By Julia Ritson
There are a myriad of ways to view Sonia Delaunay.
Painter, colourist, textile designer, mother, and wife, Delaunay returns to Paris in the middle of a world-wide shift. The new jazzy world of the 1920s. In response to the cultural change in the air, there was a whole lot of new women stereotyping going on. And Sonia was there.
Delaunay’s work was instinctively about extending the idea of art into the everyday. An extension of her field of painting. Taking pure colour, lines and creating bold geometry. She was living and breathing this art life with husband Robert.
Here she is adorned in one of her large scarves.
Sonia Delaunay, draped in large scarves of her own design, 1923, image from 1980 Retrospective catalogue
Sonia took to the world of fashion and used her apartment to create a total experience for the visitor.
A three dimensional collage.
All this modernity was very appealing and quickly brought to Delaunay a bevy of commissions. Simplified designs and striking colour. A “rich discrete elegance.”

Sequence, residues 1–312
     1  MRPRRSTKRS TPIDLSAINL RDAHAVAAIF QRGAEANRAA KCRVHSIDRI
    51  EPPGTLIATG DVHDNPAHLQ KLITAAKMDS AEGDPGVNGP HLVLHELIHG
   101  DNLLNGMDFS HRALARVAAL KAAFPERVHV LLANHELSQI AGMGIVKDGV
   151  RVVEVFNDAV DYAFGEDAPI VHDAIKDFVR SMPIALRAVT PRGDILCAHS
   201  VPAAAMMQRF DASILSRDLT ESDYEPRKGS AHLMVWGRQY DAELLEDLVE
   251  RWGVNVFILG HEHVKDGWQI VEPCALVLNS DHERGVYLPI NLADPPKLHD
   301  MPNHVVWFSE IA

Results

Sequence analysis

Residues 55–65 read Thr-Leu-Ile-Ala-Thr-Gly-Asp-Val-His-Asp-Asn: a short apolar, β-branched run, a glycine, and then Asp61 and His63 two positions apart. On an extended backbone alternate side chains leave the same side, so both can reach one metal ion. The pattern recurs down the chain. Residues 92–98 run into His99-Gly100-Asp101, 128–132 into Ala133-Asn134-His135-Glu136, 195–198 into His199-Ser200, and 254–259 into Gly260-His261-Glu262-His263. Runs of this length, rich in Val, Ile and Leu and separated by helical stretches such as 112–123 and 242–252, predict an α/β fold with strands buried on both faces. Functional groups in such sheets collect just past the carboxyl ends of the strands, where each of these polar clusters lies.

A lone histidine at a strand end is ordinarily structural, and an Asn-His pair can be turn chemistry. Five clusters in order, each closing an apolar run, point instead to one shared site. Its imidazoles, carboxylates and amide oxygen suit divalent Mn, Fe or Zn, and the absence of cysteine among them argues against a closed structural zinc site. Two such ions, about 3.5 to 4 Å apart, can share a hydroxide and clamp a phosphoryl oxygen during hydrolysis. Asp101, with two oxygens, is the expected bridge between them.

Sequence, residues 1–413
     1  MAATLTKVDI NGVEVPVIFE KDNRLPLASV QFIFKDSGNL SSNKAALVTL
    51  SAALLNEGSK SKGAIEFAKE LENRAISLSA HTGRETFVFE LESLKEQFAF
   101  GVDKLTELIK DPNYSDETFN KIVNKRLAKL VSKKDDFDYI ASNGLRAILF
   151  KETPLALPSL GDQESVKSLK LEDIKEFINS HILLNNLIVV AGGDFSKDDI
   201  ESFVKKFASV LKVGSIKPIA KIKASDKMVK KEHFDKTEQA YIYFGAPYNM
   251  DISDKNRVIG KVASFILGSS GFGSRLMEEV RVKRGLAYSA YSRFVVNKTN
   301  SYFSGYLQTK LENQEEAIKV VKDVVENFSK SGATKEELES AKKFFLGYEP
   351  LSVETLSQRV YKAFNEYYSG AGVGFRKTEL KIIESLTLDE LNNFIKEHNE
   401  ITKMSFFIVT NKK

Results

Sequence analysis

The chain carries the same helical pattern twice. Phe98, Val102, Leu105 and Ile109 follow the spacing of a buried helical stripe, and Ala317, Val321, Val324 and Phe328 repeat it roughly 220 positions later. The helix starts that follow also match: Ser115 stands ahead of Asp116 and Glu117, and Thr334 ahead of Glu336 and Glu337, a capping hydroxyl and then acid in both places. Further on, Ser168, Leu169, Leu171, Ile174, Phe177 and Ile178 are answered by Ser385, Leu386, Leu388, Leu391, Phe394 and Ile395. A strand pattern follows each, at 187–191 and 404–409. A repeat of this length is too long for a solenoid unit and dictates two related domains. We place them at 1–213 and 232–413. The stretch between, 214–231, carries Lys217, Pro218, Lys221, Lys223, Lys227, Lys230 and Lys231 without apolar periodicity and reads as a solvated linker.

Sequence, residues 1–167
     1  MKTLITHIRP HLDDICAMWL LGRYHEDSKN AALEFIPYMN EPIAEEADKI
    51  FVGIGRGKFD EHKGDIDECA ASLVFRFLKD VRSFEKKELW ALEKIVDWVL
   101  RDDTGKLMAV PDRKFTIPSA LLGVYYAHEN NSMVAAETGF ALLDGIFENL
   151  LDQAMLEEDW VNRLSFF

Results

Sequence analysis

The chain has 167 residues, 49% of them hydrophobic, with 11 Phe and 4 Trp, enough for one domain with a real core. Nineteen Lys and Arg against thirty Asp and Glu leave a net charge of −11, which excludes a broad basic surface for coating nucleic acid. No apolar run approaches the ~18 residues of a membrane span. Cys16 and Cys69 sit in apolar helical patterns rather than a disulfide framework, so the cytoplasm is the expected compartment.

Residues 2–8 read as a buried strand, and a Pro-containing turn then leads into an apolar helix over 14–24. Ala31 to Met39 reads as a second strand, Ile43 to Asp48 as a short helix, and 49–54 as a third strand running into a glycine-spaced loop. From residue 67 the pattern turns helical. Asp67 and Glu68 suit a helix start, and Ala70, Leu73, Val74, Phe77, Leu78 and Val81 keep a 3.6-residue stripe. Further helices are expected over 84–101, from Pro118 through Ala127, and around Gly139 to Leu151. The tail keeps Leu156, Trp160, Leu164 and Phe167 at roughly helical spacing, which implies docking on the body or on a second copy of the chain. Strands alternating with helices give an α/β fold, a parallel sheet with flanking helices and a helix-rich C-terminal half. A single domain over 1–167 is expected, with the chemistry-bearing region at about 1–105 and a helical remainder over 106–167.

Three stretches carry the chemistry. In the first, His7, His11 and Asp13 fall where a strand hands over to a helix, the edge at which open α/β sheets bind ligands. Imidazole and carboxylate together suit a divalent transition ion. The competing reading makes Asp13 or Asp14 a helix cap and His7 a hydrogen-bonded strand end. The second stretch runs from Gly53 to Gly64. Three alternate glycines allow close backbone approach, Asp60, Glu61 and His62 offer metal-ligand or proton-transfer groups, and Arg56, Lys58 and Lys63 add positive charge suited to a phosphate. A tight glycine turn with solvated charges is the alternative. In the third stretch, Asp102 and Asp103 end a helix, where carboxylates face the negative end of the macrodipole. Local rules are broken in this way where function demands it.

Electrifying pattern making.
Sonia Delaunay, Scarf, produced for Liberty’s of London, 1967, image from Color Moves: Art and Fashion by Sonia Delaunay Catalogue
It was the textile work Delaunay created for the progressive Dutch department store Metz & Co that gave Delaunay the freedom to continue painting.
And what wonderful textiles. It’s always great to see the process of creation.
Sonia Delaunay, Design 1492, 1934-36, gouache on paper, image from Color Moves: Art and Fashion by Sonia Delaunay Catalogue
Sonia Delaunay, Design 4902, Rosarium I, 1950, gouache and pencil on paper, image from Color Moves: Art and Fashion by Sonia Delaunay Catalogue
When Delaunay was in her 70s she more or less gave up creating textiles and instead, for the next 2o years, focused solely on painting.
Sonia Delaunay, Rhythm-Color, 1967, oil on canvas
All those years of working in fashion and textiles opened the way for some thoughtful experimentation and spontaneity in her later years.
What a lovely legacy.
Julia Ritson is a Melbourne artist. Her paintings investigate colour, abstraction and a long-standing fascination with the grid. Julia has enriched and extended her studio practice with a series of limited edition art scarves. She also produces an online journal dedicated to art and scarves and architecture.
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